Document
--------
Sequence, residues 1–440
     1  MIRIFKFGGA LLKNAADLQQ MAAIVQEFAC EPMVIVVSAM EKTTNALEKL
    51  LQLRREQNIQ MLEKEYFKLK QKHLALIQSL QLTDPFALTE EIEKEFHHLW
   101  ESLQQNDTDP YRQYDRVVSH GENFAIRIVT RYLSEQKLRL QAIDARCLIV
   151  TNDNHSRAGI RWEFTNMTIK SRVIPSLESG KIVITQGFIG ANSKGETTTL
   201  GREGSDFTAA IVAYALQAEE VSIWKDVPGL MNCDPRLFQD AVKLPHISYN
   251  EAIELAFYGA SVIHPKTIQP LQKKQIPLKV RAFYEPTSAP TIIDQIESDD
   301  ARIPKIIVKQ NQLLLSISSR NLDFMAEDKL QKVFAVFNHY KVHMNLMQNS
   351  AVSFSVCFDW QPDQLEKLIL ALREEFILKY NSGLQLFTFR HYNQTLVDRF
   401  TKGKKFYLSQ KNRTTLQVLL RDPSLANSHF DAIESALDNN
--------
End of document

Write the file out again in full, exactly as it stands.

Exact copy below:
Sequence, residues 1–440
     1  MIRIFKFGGA LLKNAADLQQ MAAIVQEFAC EPMVIVVSAM EKTTNALEKL
    51  LQLRREQNIQ MLEKEYFKLK QKHLALIQSL QLTDPFALTE EIEKEFHHLW
   101  ESLQQNDTDP YRQYDRVVSH GENFAIRIVT RYLSEQKLRL QAIDARCLIV
   151  TNDNHSRAGI RWEFTNMTIK SRVIPSLESG KIVITQGFIG ANSKGETTTL
   201  GREGSDFTAA IVAYALQAEE VSIWKDVPGL MNCDPRLFQD AVKLPHISYN
   251  EAIELAFYGA SVIHPKTIQP LQKKQIPLKV RAFYEPTSAP TIIDQIESDD
   301  ARIPKIIVKQ NQLLLSISSR NLDFMAEDKL QKVFAVFNHY KVHMNLMQNS
   351  AVSFSVCFDW QPDQLEKLIL ALREEFILKY NSGLQLFTFR HYNQTLVDRF
   401  TKGKKFYLSQ KNRTTLQVLL RDPSLANSHF DAIESALDNN